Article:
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Ender’s Game (2013) Movie Review

November 2, 2013

With all the talk about boycotting this film I feel it is necessary to address some concerns from the outset. Some suggested that anyone who supports gay rights should avoid the film because Orson Scott Card, the author of the original novel, said some seriously offensive things about gay people. Then again, he is an old Mormon and a member of a church that still holds beliefs about gay people that I find offensive. If that is enough for you to pass on the film or the book that is your choice. I prefer to judge entertainment for the quality of the finished product, not the views of the creators. In the book and to a lesser extent in the film there are some positive themes that I think outweigh any problems with the author. Lionsgate has also said that Card had no involvement with the creation of the film. Beyond the initial money from the sale of the rights and any profits from additional book sales, the sales of tickets won’t give more money to Card.

Unlike most reviews, I listened to the audiobook of the source material close to the release of the film. So there will be some spoilers in this review of both the plot of the film and plot elements left out from the book.

“Ender’s Game” moves at a quick pace as it blazes through the plot and yet barely makes it under two hours. Though the book describes multiple battles Ender fights with each team in battle school, we only see a small number of fights on screen. The same can be said for the battles at command school. Though I will expand later on certain plot elements I was sad to see left out, I think the writers did a solid job packing in everything truly important and retaining the essence of the story. The big moral questions behind it still come forward at the end and the characters still develop and mature, even if it does feel a bit rushed.

Steve Jablonsky wrote a fairly typical epic score with synth elements that never gives us a solid theme or elevates the film beyond what is on screen. I expect most people would have a hard time distinguishing the music from similar recent film scores other than most of the ones it mimics have at least some originality. Despite its flaws, the music serves its purpose of telling the audience that they are about to watch something epic and there are some interesting musical ideas for the enemy.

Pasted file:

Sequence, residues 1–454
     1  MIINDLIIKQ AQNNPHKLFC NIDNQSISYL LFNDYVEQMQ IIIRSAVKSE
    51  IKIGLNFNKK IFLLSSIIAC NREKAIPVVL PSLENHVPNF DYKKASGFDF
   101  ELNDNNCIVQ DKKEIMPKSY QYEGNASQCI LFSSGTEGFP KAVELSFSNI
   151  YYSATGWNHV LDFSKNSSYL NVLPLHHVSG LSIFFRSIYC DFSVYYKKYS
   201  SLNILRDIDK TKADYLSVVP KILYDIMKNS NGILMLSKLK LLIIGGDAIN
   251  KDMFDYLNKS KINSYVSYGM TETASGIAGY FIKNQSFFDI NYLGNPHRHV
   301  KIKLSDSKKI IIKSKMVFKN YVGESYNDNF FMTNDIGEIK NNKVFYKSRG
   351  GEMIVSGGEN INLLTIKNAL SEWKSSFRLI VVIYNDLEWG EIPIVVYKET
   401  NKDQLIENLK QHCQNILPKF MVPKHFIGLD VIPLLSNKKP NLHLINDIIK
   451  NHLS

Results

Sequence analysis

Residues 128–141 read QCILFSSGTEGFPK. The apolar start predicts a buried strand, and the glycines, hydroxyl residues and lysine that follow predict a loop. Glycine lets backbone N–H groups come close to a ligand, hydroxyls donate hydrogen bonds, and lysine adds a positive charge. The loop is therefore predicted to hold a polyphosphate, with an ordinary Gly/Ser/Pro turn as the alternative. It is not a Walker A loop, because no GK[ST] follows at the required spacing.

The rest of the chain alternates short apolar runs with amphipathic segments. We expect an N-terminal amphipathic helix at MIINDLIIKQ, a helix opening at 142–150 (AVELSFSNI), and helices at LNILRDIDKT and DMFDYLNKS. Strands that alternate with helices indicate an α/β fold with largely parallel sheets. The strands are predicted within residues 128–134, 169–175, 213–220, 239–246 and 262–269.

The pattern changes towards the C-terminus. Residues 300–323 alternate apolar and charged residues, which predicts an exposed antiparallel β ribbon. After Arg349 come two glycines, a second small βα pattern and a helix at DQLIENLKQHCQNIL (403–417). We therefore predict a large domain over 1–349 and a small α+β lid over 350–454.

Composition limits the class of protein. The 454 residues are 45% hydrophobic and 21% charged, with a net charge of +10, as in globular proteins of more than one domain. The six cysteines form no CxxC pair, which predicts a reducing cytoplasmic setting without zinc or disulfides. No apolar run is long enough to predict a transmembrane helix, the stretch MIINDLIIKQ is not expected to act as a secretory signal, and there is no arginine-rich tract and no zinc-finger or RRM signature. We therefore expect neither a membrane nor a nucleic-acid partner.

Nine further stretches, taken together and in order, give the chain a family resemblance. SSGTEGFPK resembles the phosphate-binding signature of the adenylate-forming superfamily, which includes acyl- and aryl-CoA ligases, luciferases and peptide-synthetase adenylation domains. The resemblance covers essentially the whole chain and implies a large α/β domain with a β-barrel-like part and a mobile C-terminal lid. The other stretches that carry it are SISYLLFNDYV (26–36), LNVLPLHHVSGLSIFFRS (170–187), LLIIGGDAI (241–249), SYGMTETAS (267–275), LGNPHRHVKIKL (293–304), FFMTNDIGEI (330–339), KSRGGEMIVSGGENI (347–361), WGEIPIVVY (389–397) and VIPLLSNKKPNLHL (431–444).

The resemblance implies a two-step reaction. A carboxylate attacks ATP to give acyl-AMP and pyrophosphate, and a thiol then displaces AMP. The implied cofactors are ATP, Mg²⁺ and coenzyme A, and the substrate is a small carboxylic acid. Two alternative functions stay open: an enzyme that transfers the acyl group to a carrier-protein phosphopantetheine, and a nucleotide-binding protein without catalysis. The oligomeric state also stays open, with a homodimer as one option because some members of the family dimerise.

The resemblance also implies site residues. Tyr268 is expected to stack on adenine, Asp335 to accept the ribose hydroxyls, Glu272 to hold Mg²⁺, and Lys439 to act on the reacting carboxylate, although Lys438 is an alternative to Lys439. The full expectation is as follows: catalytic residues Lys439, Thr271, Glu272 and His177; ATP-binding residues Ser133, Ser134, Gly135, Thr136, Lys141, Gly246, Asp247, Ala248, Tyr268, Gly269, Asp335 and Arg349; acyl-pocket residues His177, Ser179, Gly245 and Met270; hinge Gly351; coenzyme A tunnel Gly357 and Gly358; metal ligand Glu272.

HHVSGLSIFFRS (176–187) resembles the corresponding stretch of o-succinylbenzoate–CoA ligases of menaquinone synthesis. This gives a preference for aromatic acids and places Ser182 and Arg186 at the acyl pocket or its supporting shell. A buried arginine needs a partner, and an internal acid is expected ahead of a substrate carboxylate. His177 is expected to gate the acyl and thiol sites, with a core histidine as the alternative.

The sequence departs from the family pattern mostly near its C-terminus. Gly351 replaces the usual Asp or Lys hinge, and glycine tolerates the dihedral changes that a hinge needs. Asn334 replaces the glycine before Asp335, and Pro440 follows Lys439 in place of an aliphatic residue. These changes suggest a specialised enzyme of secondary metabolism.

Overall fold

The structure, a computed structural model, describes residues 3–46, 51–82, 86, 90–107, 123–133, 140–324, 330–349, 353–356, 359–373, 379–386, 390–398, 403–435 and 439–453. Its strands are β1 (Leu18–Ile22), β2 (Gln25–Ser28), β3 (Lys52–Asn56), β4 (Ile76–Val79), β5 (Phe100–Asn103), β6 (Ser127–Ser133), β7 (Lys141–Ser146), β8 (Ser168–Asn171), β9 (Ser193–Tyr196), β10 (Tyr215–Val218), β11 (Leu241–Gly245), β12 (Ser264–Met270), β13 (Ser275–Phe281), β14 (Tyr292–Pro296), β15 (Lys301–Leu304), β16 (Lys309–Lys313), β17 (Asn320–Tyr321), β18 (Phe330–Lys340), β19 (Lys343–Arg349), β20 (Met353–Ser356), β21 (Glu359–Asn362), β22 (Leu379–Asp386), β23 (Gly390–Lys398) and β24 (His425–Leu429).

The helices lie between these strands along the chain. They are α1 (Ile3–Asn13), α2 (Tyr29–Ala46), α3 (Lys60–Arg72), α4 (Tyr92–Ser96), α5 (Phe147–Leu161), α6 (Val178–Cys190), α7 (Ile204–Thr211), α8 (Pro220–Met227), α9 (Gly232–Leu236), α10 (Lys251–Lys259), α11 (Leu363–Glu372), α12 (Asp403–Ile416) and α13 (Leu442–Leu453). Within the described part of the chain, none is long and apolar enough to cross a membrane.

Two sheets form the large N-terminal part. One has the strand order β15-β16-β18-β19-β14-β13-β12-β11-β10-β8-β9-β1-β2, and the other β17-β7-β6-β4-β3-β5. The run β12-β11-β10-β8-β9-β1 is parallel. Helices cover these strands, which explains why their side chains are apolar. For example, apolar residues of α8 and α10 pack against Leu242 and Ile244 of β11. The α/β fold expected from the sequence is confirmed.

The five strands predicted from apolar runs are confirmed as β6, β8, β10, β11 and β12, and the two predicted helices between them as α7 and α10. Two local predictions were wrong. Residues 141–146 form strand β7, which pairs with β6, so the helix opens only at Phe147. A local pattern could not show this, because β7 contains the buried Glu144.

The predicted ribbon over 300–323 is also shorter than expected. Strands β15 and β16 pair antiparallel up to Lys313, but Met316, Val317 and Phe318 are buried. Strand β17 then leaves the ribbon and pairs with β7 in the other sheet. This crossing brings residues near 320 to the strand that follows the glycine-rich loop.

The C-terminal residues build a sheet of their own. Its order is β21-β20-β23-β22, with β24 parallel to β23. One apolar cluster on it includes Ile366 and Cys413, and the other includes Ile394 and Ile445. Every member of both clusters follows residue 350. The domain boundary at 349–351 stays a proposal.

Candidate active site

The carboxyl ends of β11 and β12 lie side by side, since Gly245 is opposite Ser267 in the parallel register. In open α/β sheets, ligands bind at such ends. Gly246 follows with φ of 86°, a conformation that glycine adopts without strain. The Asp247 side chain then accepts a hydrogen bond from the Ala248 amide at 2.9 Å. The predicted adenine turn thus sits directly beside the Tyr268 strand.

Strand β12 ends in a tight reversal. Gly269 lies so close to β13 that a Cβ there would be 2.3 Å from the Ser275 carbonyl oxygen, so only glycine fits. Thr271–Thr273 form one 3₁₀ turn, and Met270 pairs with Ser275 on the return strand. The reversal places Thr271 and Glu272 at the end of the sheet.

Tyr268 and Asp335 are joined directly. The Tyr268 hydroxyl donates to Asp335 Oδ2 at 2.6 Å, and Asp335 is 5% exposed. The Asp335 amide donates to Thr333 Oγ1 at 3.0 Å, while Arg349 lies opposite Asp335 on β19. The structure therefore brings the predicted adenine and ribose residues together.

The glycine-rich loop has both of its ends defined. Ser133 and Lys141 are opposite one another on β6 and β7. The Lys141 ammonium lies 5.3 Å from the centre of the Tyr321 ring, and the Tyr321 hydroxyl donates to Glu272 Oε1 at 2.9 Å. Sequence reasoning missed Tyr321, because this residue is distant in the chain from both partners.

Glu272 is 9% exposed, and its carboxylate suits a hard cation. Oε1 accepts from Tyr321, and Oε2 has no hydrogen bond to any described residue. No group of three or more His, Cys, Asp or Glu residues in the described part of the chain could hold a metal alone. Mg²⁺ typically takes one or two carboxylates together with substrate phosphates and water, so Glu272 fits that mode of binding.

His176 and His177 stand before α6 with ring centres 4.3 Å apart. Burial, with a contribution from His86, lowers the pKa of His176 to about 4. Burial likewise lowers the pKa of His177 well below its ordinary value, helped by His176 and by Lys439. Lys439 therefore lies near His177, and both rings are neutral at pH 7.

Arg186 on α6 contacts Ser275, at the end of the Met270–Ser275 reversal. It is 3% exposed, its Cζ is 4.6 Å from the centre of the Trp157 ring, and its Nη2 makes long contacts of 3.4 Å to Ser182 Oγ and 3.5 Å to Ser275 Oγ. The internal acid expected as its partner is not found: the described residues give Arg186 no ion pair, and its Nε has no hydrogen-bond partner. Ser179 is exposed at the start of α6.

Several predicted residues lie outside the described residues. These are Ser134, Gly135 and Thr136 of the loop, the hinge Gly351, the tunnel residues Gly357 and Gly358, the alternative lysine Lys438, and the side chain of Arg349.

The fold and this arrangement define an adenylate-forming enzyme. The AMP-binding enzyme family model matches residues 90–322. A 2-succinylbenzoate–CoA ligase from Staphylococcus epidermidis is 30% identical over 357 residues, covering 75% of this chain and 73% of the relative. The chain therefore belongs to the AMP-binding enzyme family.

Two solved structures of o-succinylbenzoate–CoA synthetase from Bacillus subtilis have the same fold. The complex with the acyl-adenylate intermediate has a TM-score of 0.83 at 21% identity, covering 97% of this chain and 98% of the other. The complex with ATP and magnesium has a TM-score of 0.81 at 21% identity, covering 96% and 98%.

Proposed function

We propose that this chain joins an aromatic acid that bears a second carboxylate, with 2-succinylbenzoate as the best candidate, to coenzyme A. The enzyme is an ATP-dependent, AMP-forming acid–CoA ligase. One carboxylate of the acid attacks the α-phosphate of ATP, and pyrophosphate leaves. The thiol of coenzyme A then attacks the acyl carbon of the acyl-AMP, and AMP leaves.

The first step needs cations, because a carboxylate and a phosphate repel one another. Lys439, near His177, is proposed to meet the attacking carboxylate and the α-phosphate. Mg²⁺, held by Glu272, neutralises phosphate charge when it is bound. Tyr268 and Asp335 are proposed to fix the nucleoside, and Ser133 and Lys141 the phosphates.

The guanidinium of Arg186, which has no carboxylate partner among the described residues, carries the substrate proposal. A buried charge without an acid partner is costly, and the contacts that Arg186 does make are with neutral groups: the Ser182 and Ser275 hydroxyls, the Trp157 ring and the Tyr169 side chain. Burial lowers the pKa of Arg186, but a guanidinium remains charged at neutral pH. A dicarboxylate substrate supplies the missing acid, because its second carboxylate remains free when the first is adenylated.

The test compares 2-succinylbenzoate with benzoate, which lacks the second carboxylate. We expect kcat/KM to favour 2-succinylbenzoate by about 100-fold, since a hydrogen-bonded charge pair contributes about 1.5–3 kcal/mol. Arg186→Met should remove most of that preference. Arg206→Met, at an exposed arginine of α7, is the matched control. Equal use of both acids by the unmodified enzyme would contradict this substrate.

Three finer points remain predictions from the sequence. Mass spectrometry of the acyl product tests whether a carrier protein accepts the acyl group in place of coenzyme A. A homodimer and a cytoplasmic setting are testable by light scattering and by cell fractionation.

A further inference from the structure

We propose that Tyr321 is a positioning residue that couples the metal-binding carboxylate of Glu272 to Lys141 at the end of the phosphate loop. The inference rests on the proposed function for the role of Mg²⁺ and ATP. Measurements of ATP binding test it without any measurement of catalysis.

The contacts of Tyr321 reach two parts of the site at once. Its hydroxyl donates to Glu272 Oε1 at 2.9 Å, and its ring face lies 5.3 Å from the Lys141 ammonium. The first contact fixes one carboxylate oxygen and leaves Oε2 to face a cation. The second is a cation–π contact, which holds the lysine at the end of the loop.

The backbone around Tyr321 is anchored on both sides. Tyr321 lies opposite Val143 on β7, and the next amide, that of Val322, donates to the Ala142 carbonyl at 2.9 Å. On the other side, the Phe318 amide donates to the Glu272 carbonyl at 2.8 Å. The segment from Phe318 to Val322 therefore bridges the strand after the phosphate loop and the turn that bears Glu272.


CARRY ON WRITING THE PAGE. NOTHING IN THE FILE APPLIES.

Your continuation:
The two biggest draws for the film are Asa Butterfield (Ender) and Harrison Ford (Colonel Graff) Butterfield makes a fantastic Ender and truly shines throughout the film. He is quite convincing as the cold, calculating battle commander. Harrison Ford does a good job as well though it isn’t particularly noteworthy. The supporting cast isn’t given much time on screen but they are good as well.

So what exactly is missing from the film? One of my favorite parts of the book was when Valentine and Peter (Ender’s siblings) become involved in the big political debates of the time, arguing over the role the Hegemon should have in the world and in the universe. We see Peter briefly at the beginning and Valentine is only seen slightly more. The relationships Ender develops with his squad is also seriously cut short. The strength of their bond is implied well enough but I would have liked to have seen it fleshed out more on screen. We also miss out on a lot of Ender’s battles with Dragon army. While in the book he engages in battle after battle, gradually increasing in difficulty, here we get one battle with Dragon army.

I recognize studio’s reluctance to make a film longer than 2 hours, especially with something as unproven as Ender’s Game, but it could have been a much more thought-provoking film if some of these ideas had somehow been added in. If you want some quick thrills, the film is a serviceable adaptation. If you want to enjoy a more intellectual take on the story, go read the novel, or listen to the audiobook. I doubt the executives will add in any of the politics in any future films so the only way to enjoy it is in the book.


From → Sci-fi

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